PRAYER has been at the fore front for many sportsmen and women world over, many times in soccer. Even when results donâ€™t come in their favour at the end of the game, they keep the faith in the next encounter.
PRAYER has been at the fore front for many sportsmen and women world over, many times in soccer.
Both players and managers on several occasions have embraced each other as they forward their supplications to the almighty God or Allah, whoever, for nothing else but blessings in the game.
Even when results donâ€™t come in their favour at the end of the game, they keep the faith in the next encounter.
On Saturday when Uganda hosts guinea Bissau in a crucial 2012 African Nations Cup qualifier, it will be just four years and two days after the Cranesâ€™ historical â€˜June Massacreâ€™ of the mighty Super Eagles of Nigeria at Nambole on June 2, 2007. This was during the 2008 campaign for the finals held in Ghana.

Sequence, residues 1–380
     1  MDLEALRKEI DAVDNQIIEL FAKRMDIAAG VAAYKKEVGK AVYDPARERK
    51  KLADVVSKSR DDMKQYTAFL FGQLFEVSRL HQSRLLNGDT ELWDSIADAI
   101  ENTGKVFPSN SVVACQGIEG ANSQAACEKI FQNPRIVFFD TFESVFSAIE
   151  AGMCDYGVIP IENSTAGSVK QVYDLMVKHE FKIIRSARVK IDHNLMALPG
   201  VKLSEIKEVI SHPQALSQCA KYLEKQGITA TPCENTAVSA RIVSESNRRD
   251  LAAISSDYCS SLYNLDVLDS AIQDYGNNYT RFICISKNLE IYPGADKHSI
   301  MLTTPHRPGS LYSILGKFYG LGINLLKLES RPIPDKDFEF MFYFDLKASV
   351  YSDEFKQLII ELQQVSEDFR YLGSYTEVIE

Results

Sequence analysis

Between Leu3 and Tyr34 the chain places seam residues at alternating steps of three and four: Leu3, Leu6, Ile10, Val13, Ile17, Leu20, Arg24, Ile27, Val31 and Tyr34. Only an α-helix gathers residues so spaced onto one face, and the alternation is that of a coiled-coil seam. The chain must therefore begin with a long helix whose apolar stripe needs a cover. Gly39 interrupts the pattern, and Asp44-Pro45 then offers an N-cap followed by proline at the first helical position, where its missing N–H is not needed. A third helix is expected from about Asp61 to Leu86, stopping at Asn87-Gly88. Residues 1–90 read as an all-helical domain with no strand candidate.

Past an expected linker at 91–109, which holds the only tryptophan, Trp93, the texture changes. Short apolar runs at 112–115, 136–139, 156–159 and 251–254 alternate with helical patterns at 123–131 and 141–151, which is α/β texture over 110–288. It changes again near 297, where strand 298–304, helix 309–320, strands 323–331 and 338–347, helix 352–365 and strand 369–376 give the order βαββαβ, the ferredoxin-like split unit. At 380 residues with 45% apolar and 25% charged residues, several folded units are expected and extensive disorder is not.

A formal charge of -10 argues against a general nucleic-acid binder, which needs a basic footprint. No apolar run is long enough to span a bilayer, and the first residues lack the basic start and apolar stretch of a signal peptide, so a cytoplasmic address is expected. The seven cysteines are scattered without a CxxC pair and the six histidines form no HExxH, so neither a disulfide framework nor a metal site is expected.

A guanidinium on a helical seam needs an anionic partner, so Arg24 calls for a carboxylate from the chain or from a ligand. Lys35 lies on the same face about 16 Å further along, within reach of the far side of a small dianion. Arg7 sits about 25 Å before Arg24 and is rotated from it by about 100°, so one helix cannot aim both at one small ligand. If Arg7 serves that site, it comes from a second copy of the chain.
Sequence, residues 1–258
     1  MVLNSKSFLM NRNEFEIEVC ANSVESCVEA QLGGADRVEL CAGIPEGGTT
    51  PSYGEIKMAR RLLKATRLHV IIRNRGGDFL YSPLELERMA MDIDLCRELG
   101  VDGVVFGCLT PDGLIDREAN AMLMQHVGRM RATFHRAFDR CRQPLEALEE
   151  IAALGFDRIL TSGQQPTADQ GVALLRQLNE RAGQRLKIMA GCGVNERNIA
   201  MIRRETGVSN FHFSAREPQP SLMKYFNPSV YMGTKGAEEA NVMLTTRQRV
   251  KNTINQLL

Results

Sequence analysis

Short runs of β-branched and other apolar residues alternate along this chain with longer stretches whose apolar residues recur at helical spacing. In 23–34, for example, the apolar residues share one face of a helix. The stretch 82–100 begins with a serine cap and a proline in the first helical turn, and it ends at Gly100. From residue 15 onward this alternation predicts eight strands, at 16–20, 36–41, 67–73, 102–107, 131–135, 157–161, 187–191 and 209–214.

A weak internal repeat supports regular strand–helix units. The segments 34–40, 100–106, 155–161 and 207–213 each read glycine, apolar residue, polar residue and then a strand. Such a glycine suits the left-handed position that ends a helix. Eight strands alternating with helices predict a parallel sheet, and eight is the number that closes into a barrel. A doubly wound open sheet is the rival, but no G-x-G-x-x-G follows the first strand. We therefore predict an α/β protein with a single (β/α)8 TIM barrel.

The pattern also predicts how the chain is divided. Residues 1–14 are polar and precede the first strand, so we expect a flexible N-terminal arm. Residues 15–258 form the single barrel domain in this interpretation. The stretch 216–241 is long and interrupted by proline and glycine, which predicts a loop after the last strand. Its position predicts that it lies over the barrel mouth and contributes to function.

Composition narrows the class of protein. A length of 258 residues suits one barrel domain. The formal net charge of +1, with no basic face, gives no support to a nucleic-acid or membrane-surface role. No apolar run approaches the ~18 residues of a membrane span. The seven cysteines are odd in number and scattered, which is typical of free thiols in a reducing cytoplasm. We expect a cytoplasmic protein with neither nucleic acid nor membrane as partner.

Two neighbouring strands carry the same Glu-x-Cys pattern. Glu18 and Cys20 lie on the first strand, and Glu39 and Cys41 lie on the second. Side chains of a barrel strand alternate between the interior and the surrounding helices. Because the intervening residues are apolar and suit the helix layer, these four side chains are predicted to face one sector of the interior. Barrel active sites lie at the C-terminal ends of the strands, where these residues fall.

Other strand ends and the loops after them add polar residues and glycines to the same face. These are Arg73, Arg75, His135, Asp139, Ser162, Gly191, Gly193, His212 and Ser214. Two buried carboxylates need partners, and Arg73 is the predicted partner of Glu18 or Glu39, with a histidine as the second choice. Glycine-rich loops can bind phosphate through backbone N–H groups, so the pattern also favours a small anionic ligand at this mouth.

Although they never made it to Kumasi, the memory of a 2-1 victory over the Nigerians might still be rooted in many a Cranes fan both in and outside Uganda.
It is not religious superstition, but all the jubilation and excitement that rocked Kampala, its suburbs and other upcountry towns after the match, might have been an inspiration by the supplications during the holly week in commemoration of the Uganda Martyrs. The victory came on the eve of the Martyrs Day proper.
Geoffrey Massaâ€™s drives into â€˜Workers Houseâ€™ like Nigerian defender Danny Shitu and again the run into custodian Austin Ejide for the two resultant penalties converted by David Obua and captain Ibrahim Ssekagya, was nothing but a martyr-driven dedication.
In Saturdayâ€™s game, coming a day after the Martyrs Day, the Cranes will need such dedication at this time of great need.
Former Speaker of Parliament, now Vice President Edward Ssekandi, who was chief guest during the Nigeria game, should return with his â€˜good luckâ€™. â€˜We Go Cranes We Goâ€™.
Martyrs' Day blessing for Cranes tie